The stratigraphy of the region and the aquatic fauna that was found therein indicates that it was an inland fluvial environment, entirely freshwater in nature with a humid tropical climate. Artistic restoration of Sarcosuchus imperator, Sarcosuchus was a large relative of crocodiles, with fully grown individuals estimated to have reached up anywhere between 9 to 9.5 m (29 – 31 ft) in total length and 3.5 to 4.5 tonnes in maximum weight. The dinosaur fauna is of a very fragmentary nature and identification does not go beyond indeterminate theropod and iguanodontid remains. Sarcosuchus as it appeared in "When Crocs Ate Dinosaurs"; confronting a Suchomimus on a contest for territorry. Deinosuchus had a larger head than a Sarcosuchus – a relative of present-day crocodiles living in the Early Cretaceous. Not only was Sarcosuchus the biggest prehistoric crocodile that ever lived, but it was the biggest reptilian meat-eater of the Mesozoic Era, outweighing even Spinosaurus and Tyrannosaurus Rex. It was almost twice as long as the modern saltwater crocodile and weighed up to 8 tonnes.
Shadowgate from Novara, ITALY / Museum of Natural History / CC BY 2.0. Sarcosuchus was only one of a wide variety of plus-sized reptiles that took advantage of this region's natural abundance during the later Mesozoic Era, basking in its year-round heat and humidity; there were also plenty of dinosaurs to keep this croc company.
 hypothesized that S. imperator had a generalized diet similar to that of the Nile crocodile, which would have included large terrestrial prey such as the abundant dinosaurs that lived in the same region..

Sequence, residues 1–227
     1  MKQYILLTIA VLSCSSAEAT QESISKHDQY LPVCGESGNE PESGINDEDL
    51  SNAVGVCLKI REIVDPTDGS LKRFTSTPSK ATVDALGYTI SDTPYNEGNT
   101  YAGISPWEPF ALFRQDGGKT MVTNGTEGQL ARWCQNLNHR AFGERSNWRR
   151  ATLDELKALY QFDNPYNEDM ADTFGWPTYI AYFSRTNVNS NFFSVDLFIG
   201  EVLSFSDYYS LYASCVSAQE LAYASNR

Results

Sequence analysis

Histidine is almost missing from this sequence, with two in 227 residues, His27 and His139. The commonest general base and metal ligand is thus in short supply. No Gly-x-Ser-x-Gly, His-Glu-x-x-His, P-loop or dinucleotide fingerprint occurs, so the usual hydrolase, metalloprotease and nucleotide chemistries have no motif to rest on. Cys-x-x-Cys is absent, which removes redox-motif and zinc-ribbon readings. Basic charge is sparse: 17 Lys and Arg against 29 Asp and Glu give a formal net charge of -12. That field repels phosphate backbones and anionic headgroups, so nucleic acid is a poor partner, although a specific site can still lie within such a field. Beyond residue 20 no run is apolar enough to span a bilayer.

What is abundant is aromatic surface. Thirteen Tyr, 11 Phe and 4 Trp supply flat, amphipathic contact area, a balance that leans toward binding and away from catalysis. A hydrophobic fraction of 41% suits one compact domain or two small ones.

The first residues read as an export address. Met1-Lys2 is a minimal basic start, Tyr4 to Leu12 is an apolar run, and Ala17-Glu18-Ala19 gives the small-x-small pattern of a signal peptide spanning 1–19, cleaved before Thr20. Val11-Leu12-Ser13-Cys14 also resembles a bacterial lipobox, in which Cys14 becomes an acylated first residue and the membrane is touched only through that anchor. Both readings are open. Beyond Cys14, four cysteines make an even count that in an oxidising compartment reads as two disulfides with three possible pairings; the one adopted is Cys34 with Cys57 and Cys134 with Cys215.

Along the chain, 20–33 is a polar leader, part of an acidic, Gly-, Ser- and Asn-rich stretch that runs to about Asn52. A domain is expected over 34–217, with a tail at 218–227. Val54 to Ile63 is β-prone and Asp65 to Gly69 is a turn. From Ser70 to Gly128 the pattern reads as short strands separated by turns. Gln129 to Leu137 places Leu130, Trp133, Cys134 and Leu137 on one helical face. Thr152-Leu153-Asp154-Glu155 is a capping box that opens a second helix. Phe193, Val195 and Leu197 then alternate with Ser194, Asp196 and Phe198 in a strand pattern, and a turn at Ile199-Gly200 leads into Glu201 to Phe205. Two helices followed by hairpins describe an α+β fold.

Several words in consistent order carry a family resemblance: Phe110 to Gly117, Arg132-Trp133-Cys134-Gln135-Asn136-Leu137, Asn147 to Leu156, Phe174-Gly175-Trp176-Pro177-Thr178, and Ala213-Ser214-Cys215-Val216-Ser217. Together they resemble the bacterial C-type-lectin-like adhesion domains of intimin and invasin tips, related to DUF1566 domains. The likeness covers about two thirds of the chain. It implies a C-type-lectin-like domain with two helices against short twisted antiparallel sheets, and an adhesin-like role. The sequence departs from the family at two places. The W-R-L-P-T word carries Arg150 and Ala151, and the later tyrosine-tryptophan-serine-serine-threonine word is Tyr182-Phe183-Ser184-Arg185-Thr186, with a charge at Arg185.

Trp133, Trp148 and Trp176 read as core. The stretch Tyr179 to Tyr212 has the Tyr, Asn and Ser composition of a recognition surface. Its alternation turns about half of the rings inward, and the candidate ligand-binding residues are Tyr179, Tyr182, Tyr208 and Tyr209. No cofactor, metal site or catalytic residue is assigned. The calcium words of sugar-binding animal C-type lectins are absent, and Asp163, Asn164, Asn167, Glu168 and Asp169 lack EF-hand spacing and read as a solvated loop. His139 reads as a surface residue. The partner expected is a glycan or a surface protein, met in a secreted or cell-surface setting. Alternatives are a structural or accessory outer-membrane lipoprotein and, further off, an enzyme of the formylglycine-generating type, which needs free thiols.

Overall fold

A Sarcosuchus as it appeared in the book "Super Croc", depicted as battling with a Suchomimus. The eyes of Sarcosuchus didn't move left and right, like those of a cow or panther, but rather up and down, indicating that the SuperCroc spent much of its time submerged partway below the surface of freshwater rivers (like modern crocodiles), scanning the banks for interlopers and occasionally breaching the surface to snap at encroaching dinosaurs and drag them into the water. You'd think a crocodile as big and heavy as Sarcosuchus would have feasted exclusively on the plus-sized dinosaurs of its habitat—say, half-ton hadrosaurs that wandered too close to the river for a drink. It had somewhat telescoped eyes and a long snout comprising 75% of the length of the skull. Both had also a similar weight – … However, unlike the ghara, which is only found in male gharial, the bulla is present in all Sarcosuchus skulls that have been found so far, suggesting that it was not a sexually dimorphic trait. It made an appearance in the 2018 television miniseries Deadly Dinosaurs With Steve Backshall where it's bite force was estimated at 8 tonnes and was shown to be able to bite through bone and even steel. Sarcosuchus stands out among pholidosaurids for being considered a generalist predator, different from most known members of the clade which were specialized piscivores. Deinosuchus was a large crocodyliform that lived from 82 million years ago up until the end-Cretaceous extinction event began.
LadyofHats / Muséum national d'Histoire naturelle, Paris, Public Domain. Its main competitors as a large predator may have included sharks, marine reptiles like Mosasaurs, theropods like the Tyrannosaurs and other Deinosuchus.Its main prey were sea turtles and dinosaurs. The upper jaw was also noticeably longer than the lower one leaving a gap between them when the jaws were shut, cre…
A similar growth strategy has been suggested for the larger crocodylian Deinosuchus, based on similar criteria.